Cross-referencing may be a waste of energy. Sunukjian rightly notes that often a move to another passage is a move in the wrong direction. Having explained the preaching text, the preacher should then move forwards into contemporary life in order to illustrate in such a way that application is visualized by the listener. Instead, when preachers move back to another passage, they may be wasting both opportunity and energy. Opportunity because the text remains distant and unapplied in specific terms. Energy because another passage will not illustrate the same idea, since it has its own distinct idea. Furthermore, if people do not accept the teaching of one passage, they are unlikely to accept the teaching of another. It is usually better to stay in one and teach it more fully.
Cross-referencing may be helpful if… well, there are two exceptions that I tend to take into account. One was hinted at in part 1. If your passage is heavily influenced by another, then the influencing passage may be a fruitful focus for a segment of the message. The whole subject of New Testament use of Old Testament is potentially overwhelming to people (or even, in the words of John Sailhamer – Old Testament use of Old Testament such as the influence of the Torah on the Writings, etc.) However, if the earlier text is studied in context, we’ll usually find the later text’s use of it makes sense in light of that study. Don’t be too quick to assign hidden meanings to earlier texts and if that’s the best you’ve come up with, then don’t bother preaching that to your people.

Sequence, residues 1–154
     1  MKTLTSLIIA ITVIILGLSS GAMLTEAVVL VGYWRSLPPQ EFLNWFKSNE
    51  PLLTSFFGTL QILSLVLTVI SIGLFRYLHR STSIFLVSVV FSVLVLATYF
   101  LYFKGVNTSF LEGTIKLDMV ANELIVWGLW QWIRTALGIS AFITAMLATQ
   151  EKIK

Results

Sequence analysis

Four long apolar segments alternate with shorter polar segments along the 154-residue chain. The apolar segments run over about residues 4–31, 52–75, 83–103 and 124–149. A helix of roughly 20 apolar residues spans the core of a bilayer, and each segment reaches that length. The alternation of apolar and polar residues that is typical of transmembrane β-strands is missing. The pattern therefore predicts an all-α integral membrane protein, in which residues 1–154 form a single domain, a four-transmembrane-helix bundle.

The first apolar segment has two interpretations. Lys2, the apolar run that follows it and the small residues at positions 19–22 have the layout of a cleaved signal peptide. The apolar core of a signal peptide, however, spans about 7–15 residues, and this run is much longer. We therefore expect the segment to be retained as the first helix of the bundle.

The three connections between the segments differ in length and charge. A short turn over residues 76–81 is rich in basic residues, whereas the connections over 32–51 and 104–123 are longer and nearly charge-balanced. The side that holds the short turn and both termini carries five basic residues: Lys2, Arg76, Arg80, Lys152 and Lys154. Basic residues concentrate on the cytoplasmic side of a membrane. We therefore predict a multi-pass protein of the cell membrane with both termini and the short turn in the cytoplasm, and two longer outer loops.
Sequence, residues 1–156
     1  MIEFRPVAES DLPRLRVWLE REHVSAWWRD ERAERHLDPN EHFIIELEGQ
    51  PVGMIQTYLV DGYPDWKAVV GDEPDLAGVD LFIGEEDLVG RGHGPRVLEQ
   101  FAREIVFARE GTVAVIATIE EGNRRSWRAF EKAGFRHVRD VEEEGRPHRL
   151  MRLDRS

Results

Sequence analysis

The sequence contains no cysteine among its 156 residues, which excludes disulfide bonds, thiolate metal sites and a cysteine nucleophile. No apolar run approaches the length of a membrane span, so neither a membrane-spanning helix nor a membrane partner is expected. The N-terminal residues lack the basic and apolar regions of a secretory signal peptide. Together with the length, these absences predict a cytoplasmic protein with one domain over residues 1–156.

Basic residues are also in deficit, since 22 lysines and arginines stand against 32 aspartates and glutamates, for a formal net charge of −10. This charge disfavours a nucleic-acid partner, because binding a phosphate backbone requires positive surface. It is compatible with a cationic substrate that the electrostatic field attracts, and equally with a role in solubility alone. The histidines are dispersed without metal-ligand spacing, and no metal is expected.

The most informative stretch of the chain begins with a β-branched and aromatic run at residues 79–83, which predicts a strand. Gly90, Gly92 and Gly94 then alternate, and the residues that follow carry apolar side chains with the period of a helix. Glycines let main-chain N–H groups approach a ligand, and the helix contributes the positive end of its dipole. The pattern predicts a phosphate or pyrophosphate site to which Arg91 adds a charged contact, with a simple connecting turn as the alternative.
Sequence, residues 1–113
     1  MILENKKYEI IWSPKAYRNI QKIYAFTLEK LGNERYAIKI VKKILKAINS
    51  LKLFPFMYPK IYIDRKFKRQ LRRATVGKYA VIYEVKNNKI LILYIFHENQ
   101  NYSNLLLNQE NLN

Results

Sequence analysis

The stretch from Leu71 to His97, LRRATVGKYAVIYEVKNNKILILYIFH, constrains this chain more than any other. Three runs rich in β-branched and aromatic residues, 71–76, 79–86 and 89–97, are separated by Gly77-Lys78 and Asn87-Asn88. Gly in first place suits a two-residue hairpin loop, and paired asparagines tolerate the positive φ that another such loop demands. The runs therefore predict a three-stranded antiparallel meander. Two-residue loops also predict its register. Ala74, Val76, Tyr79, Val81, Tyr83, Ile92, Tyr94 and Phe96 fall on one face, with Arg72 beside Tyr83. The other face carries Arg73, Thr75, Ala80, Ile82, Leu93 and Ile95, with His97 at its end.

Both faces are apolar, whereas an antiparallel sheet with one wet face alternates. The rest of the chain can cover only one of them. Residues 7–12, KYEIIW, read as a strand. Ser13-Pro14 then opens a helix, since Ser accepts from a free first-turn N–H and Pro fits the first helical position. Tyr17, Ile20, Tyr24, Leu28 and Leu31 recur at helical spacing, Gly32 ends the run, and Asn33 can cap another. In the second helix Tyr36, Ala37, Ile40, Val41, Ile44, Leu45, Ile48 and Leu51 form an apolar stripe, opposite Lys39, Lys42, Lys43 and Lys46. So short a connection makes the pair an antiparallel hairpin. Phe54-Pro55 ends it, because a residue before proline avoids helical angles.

Cross-referencing may also be helpful if…ok, I said there are two. The other is when a significant point in your preaching text appears to be new or unusual. Then it is sometimes helpful for people to quickly hear a series of other texts or references that support the same point. In this limited sense a series of quick quotes can work well.
If you do cross-reference, then…don’t make it into a sword drill. That is to say, don’t overwhelm or distract people by expecting, or even allowing, them to hunt down every reference. This is too much for many, and can create an inner crisis for note-takers! This may be an occasion where I encourage the use of powerpoint. Let people see the relevant part of each verse. If the goal is to show that the point is not unique to this passage, then be explicit with your goal and don’t give the impression people need to remember all these references. Sometimes just referring to the book rather than chapter and verse is sufficient. If you do cross-reference, do it on purpose, and carefully construct that part of the sermon so people are not overwhelmed, distracted or confused.